Title: Hydroxide diffuses slower than hydronium in water because its solvated structure inhibits correlated proton transfer
Authors: Mohan Chen, Lixin Zheng, Biswajit Santra, Hsin-Yu Ko, Robert A. DiStasio Jr, Michael L. Klein, Roberto Car and Xifan Wu
Journal: Nature chemistry
Cover photo: pedrojperez/morguefile
These researchers have uncovered the mechanism through which water passes protons, or hydrogen atoms, through the bulk liquid. This is key in our understanding of water, which is vital for living creatures, specifically in our understanding of how water behaves as an acid and a base. The ability for water to transfer charge allows it maintain the pH of our body even under changing conditions, as well as move ions and nutrients across cell membranes. A molecule of water is shown in Figure 1.
Bulk liquid water has molecular dynamics that consist of a dynamic equilibrium where the molecules are reacting to form positively charged hydronium ions (H3O+) and negatively charged hydroxide ions (OH–) according to the reaction:
H2O + H2O -> H3O+ + OH–
Many researchers have worked to understand water, but this study is the first to demonstrate why the hydronium ion is able to move much more quickly than the hydroxide ion.
To study this question, the researchers use density functional theory (DFT) to create a system of equations in a model for the electronic structures of the species in water. This allows them to model the energy distributions of different states of the system and discover that the most favorable state involves the transfer of the hydronium proton through many water molecules, while the hydroxide cannot do the same. They term the passing of a proton by hydronium ions “concerted jumps” because they occur rapidly, frequently, and allow for the positive charge to be transferred over long distances within the water.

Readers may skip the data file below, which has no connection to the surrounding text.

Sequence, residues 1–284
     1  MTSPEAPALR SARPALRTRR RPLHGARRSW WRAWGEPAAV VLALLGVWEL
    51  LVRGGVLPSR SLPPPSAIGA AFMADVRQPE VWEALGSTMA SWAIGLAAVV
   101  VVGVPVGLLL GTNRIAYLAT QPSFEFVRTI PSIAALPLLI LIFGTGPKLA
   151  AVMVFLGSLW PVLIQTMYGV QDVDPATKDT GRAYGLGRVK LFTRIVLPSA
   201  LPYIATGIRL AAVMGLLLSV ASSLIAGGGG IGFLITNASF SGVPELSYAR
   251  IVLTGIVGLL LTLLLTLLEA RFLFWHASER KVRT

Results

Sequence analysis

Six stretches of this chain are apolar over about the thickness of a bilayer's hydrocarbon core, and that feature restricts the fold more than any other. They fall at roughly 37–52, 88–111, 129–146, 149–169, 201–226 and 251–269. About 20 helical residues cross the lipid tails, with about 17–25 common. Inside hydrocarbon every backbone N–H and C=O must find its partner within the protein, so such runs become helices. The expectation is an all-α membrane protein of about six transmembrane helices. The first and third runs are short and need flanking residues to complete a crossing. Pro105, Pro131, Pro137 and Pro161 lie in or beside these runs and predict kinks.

The use of DFT also allows the researchers to determine that the different electronic structures of the hydronium and hydroxide ions results in the different behavior in bulk water. In order to understand this they had to solve the overall hydrogen bonding network of the water with respect to each ion. Through this they found that the structure was vastly different for each type of ion and neutral water.
This new understanding of the nature of water will help scientists create better models for solvation, acid-base chemistry, and even help us understand how water moves in and out of the cells in our body. Water is vital for all life function and so it is crucial we understand its complicated dynamics at the molecular level.